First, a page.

Gastrointestinal Bleeding Risks with Xarelto, Pradaxa May Be Higher Than Warfarin: Study
New research suggests that the blood thinners Xarelto and Pradaxa may carry an increased risk of gastrointestinal bleeding when compared to older blood thinners, such as warfarin.
In a study published by the BMJ (British Medical Journal) on April 24, researchers from Johns Hopkins indicate that Xarelto (rivaroxaban) may carry up to twice the risk of gastrointestinal bleeding of warfarin, and Pradaxa (dabigatran) may increase the risk of such bleeds by as much as 50%.
Researchers looked at data on more than 46,000 patients who were prescribed warfarin (sold under the brand name Coumadin), Pradaxa or Xarelto between October 2010 and March 2012.
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While warfarin has been used to prevent strokes among patients with atrial fibrillation for decades, Pradaxa and Xarelto are part of a new generation of blood thinners introduced in recent years as superior alternatives, since the drug makers claim they require less frequent blood monitoring.
Since the new drugs hit the market, they have been linked to thousands of reports involving severe and uncontrollable bleeding, since there are no approved reversal agents available. Unlike warfarin, where doctors can quickly stop the blood thinning effects of the medication if bleeding develops, there are currently no approved antidotes for Pradaxa or Xarelto, leaving many health providers unable to control bleeding events.
In this latest study, researchers note that the findings do not demonstrate a statistically significant difference in the risk of bleeding between Pradaxa and warfarin, or between Xarelto and warfarin users. However, they warn that they were unable to rule out that both drugs may carry increased risks of bleeding over warfarin.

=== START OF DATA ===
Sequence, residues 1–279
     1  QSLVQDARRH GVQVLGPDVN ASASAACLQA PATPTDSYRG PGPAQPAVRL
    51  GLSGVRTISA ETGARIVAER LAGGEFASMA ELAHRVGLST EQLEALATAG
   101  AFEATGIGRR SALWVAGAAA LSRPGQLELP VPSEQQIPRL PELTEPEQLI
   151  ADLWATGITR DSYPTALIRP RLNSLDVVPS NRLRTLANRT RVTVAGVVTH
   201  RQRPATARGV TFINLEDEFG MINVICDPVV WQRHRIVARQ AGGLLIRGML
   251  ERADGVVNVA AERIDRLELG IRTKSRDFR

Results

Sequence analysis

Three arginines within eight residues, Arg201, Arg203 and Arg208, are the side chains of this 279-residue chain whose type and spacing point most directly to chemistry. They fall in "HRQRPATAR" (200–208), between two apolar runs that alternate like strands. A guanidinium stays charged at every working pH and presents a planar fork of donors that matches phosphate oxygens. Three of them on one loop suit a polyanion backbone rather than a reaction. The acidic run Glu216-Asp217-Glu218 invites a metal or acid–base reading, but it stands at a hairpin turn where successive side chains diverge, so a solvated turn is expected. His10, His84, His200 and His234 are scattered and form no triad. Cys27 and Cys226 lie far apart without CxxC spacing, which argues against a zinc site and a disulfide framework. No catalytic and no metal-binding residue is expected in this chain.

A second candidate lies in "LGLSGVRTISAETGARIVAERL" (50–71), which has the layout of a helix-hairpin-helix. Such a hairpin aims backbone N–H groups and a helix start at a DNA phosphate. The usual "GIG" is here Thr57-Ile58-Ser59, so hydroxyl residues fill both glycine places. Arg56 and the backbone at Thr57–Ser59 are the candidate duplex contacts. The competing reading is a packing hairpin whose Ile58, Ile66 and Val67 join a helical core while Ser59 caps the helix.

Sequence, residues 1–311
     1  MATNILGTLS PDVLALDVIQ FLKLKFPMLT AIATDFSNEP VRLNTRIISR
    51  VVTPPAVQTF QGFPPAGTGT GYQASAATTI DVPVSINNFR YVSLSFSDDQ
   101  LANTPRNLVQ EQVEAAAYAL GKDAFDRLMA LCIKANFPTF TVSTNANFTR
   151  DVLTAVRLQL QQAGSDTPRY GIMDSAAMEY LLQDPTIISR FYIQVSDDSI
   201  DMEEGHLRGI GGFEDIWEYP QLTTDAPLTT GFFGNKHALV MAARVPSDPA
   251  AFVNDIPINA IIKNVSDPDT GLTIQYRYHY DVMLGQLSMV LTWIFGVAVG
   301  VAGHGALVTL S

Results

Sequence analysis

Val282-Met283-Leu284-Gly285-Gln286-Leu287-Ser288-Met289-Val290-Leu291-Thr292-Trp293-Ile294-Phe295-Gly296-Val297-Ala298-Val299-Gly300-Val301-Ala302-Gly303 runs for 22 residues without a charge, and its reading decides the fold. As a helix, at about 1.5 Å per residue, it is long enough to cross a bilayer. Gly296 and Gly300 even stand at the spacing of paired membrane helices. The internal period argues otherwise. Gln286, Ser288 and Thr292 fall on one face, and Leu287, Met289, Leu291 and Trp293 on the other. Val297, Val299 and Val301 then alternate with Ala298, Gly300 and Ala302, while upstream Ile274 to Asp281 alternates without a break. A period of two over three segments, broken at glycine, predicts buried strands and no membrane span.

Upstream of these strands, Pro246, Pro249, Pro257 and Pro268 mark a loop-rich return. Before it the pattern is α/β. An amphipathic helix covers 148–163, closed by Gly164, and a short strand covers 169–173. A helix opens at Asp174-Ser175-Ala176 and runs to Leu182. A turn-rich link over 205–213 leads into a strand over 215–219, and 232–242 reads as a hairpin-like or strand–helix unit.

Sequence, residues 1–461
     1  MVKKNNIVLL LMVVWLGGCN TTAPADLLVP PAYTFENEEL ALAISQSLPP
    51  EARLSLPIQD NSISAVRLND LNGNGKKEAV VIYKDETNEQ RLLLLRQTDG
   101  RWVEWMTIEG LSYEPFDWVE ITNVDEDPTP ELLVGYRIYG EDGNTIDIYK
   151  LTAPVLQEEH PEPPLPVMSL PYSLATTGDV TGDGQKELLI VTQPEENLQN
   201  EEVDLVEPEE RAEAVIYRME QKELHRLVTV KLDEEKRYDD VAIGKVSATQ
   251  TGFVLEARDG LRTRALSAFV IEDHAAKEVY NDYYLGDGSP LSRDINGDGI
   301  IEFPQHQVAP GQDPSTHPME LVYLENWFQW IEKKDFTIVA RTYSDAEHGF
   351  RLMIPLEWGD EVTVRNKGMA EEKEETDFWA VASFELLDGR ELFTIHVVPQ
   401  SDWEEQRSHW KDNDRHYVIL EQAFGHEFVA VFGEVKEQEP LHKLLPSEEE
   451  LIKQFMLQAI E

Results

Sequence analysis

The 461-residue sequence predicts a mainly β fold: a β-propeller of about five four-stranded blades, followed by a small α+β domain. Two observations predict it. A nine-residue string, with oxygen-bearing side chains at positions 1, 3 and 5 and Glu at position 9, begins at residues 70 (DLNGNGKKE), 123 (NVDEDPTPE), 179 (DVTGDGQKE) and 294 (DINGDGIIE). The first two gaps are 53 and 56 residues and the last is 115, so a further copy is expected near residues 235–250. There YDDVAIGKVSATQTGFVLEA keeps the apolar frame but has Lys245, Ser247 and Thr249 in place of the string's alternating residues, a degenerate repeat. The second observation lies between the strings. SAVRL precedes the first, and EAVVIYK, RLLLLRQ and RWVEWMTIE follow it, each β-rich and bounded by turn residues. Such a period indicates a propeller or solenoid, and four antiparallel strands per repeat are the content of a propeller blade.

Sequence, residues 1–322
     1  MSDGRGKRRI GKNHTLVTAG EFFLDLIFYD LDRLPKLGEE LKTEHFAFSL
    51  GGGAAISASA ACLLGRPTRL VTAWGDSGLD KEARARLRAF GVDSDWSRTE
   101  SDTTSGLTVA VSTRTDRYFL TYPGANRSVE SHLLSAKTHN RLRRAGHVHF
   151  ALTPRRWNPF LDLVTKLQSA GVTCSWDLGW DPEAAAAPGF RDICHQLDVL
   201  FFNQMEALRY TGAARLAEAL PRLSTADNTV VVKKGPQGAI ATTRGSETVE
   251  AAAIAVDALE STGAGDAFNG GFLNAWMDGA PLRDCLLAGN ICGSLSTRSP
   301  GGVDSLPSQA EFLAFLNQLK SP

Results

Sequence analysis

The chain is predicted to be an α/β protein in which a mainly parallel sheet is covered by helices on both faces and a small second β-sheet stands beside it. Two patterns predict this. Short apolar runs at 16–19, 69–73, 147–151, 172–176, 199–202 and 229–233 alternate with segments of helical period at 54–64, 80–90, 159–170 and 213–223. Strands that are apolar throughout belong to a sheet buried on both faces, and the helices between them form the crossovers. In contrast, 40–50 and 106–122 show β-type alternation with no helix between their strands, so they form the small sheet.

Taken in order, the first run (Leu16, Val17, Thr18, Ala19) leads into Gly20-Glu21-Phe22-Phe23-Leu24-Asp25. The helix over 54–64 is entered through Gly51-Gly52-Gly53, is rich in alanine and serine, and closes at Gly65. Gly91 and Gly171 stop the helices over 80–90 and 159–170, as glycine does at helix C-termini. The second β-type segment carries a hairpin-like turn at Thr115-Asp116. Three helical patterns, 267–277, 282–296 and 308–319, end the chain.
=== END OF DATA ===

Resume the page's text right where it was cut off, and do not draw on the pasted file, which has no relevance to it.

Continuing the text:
Several studies have previously found increased risks of gastrointestinal bleeding from Pradaxa side effects, the researchers note. They said that the differences between the findings of their study and those of other studies may rest in the differences in study populations. This most recent study involved a younger population.
Researchers concede that the bleeding risk with Pradaxa may be age-dependent and concentrated among elderly users, which was not a population that was well-represented in their study.
“Although rates of gastrointestinal bleeding seem to be similar in this commercially insured sample of adults in the United States, we cannot rule out as much as a 50% increase in the risk of gastrointestinal bleeding with dabigatran compared with warfarin or a more than twofold higher risk of bleeding with rivaroxaban compared with warfarin,” they concluded.
Bleeding Problems with Pradaxa, Xarelto
Pradaxa was the first member of this new generation of anticoagulants to hit the market, designed to replace Coumadin (warfarin) as the “go-to” medication for prevention of strokes due to atrial fibrillation. Other members of this new class introduced after Pradaxa include Xarelto and Eliquis.
Within a year after Pradaxa was introduced, it quickly earned the dubious distinction as one of the medications most commonly associated with adverse event reports submitted to the FDA.
In recent years, more than 4,000 Pradaxa bleeding lawsuits were filed against Boehringer Ingelheim, alleging that the drug maker failed to adequately warn about the risks associated with the medication or the lack of an effective reversal agent. Following several years of litigation, the drug maker eventually agreed to pay about $650 million in Pradaxa settlements, with an average of about $150,000 awarded to former users who experienced severe and sometimes fatal bleeds.
Amid the mounting litigation over Pradaxa, Xarelto quickly overtook the top spot among the new generation of anticoagulants, with sales exceeding those of Pradaxa in 2013. However, similar bleeding problems with Xarelto soon surfaced.
Over the past year, a growing number of Xarelto lawsuits have been filed involving bleeding injuries, raising similar allegations that inadequate warnings were provided about the lack of an approved reversal agent and claiming that the drug makers should have never introduced the medication without an antidote to allow doctors to reverse bleeding events.
Both drug makers are currently working on identifying a safe and effective reversal agent, with Boehringer Ingelheim announcing last week that the FDA granted fast-track review for a potential reversal agent for Pradaxa.
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